Ok, lesson learned. Notaries—don’t forget to fill in the name of the person who signed the mortgage.
Last week, a Texas federal judge temporarily blocked the federal Department of Labor’s proposed overtime regulation that would have increased the number of employees eligible for overtime pay by increasing the salary level for the “white collar” exemptions to $47,476 per year.
Under the FLSA, employees must be paid time and a half of the employee’s regular hourly rate for each hour worked over 40 hours a week, unless the employee falls within an exemption from overtime by meeting the criteria for salary and duties. As it stands, to qualify for a white collar exemption, the employee must meet the minimum salary level of $455 per week or $23,660 per year. The proposed regulation would have doubled that minimum salary level, allowing fewer employees to be exempt. The regulation would have also raised the salary used for “Highly Compensated Employees” from the current threshold of $100,000 to the 90th percentile of average weekly salaried earnings – about $122,000.
Readers may recall an earlier blog post regarding a bank’s potential liability for damage to private property caused by a tree falling onto a neighbor’s property. In addition to property damage from obvious unsafe conditions, banks should also consider the potential liability associated with potential, unseen environmental conditions on property it has foreclosed upon. Under Connecticut and federal law, landowners are typically responsible for the remediation of environmental contamination that exists on their property, regardless of who caused the contamination in the first instance. However, there are exemptions that protect lenders from liability for environmental conditions so long as certain requirements are met. Continue Reading Protecting Lenders from Environmental Liability for Foreclosed Properties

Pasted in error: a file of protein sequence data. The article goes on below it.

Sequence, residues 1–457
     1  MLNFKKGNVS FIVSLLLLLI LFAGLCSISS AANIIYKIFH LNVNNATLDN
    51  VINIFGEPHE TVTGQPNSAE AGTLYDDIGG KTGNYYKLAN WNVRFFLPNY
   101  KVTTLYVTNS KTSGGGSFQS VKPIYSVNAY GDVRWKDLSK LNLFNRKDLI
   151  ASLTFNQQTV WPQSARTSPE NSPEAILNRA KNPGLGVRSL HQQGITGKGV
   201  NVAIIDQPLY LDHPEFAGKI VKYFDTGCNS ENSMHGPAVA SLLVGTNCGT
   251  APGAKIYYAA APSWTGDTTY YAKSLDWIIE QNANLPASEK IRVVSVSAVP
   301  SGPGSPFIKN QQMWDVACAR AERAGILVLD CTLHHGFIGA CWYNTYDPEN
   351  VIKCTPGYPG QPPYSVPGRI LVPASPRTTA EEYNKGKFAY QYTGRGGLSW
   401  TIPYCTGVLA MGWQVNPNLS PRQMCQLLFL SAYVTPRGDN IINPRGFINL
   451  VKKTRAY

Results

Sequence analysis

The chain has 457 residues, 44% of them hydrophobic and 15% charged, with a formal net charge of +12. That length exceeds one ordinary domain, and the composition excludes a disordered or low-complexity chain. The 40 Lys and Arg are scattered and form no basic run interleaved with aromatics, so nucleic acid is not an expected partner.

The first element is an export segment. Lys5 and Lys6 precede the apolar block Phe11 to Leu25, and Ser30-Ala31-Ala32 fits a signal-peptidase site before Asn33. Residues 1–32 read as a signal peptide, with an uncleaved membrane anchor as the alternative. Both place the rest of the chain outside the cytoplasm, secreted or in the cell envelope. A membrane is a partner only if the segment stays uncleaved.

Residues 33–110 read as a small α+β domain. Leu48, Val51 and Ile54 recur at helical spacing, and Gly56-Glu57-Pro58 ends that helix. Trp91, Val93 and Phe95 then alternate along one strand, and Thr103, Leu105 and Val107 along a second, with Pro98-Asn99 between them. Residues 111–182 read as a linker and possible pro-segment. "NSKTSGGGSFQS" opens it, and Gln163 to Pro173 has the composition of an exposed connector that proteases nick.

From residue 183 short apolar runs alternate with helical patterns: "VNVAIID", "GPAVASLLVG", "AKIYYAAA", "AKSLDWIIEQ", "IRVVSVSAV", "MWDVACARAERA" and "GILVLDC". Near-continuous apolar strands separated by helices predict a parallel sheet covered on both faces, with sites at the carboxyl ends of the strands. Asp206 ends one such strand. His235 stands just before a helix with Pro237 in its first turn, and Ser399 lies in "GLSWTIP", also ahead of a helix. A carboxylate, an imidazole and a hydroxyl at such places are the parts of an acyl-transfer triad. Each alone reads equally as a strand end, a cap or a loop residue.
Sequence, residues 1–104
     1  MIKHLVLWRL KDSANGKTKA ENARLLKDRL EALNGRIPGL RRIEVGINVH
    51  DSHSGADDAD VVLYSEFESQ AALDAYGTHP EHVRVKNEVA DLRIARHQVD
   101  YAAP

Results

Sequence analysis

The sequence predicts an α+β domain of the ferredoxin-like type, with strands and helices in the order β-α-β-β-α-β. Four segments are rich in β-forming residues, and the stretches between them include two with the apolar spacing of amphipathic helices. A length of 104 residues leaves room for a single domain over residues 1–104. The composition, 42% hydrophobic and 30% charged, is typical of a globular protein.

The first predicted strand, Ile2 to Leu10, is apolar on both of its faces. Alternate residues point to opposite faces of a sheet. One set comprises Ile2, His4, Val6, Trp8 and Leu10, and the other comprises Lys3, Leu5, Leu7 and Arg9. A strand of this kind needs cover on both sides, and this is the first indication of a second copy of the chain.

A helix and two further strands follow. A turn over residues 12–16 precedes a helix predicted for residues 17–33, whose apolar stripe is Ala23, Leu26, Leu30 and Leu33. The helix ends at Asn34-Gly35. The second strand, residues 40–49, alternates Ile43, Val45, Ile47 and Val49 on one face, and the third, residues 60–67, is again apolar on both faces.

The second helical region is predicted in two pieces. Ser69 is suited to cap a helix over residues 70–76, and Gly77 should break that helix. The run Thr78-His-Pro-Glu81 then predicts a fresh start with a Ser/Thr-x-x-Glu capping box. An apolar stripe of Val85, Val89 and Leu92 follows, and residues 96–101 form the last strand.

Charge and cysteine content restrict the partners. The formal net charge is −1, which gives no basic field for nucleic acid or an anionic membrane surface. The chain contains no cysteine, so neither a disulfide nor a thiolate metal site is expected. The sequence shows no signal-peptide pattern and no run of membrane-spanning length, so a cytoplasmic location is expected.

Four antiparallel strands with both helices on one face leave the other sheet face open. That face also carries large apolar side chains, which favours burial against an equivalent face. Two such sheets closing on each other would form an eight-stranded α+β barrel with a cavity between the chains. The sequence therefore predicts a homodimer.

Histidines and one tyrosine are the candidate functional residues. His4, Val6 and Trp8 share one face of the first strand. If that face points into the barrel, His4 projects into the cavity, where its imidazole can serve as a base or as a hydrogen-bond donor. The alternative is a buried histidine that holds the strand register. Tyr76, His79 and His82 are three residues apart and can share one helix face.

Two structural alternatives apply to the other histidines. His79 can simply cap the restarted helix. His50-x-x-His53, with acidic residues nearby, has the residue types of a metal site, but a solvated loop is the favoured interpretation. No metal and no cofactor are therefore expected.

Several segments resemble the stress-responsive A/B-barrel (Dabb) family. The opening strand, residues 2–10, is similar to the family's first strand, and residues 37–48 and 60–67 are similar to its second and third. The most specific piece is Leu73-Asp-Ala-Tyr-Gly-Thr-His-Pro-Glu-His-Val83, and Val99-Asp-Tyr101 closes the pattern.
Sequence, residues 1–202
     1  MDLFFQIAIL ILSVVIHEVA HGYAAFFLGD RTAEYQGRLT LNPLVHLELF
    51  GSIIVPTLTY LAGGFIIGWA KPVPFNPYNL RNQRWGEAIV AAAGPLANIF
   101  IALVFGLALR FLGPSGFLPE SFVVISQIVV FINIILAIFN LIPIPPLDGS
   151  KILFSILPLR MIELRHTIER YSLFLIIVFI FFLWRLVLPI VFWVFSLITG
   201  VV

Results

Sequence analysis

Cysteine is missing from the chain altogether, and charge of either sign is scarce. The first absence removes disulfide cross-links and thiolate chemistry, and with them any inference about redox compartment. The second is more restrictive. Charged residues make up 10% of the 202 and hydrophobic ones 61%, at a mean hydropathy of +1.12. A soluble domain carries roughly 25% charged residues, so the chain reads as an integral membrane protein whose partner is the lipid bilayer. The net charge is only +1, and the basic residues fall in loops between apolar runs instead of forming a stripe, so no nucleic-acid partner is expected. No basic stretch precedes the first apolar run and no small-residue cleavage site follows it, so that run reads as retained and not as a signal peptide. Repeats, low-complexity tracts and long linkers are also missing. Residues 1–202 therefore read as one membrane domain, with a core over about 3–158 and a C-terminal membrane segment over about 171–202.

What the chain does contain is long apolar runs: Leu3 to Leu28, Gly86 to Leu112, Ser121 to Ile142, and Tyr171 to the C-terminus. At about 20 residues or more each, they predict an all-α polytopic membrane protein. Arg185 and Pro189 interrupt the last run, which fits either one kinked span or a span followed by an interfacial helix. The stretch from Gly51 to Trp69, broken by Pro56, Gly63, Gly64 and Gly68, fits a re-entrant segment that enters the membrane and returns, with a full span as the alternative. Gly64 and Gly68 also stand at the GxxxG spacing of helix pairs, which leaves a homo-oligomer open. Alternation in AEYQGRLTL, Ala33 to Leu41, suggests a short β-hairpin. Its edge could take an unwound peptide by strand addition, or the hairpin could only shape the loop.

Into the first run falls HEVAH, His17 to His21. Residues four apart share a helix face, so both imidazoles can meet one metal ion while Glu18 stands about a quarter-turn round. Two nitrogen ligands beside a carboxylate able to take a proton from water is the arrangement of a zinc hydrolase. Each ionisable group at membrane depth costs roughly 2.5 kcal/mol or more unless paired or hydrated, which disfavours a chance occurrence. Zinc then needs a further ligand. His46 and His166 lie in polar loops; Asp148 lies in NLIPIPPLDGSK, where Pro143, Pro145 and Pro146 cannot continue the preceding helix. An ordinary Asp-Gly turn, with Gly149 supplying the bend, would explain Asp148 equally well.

As I type this blog post, I am sitting at my desk with a four-inch-thick binder filled with title insurance forms—form policies, form endorsements, premium rate tables, survey requirements, etc.—and it occurs to me that many people who deal with real estate loans and title insurance on a daily basis may have never read a title insurance policy.
It’s probably not necessary for a loan officer involved in a real estate transaction to read the whole title insurance policy, but it may be helpful to have a basic understanding of the benefits and limitations of a lender’s title policy as well as some of the optional endorsements. To provide a basic understanding of title insurance, this post is the first in what will be a series of articles on title insurance from a lender’s perspective.
The use of unitranche financing creates opportunities for lenders and value for borrowers. There are some risks that lenders must understand in these structures.
With the volume and competition of middle market financings growing, many loan officers and lenders are asking, “What can we do better in order to get more business?”
In an acquisition financing scenario, unitranche may be a good path for you and your borrower. Continue Reading Unitranche Financing – is it for you?
For better or worse, banks frequently obtain possession of, or title to, pieces of property. Often times, these parcels of land have been neglected and are in poor condition. It would not be surprising to find a property that a bank obtained via foreclosure that had decaying trees looming over a neighbor’s fence. But what happens when that tree falls, causing damage to the neighbor’s property? Is the bank liable? Continue Reading TIMBER! – Liability for damage to private property caused from a fallen tree?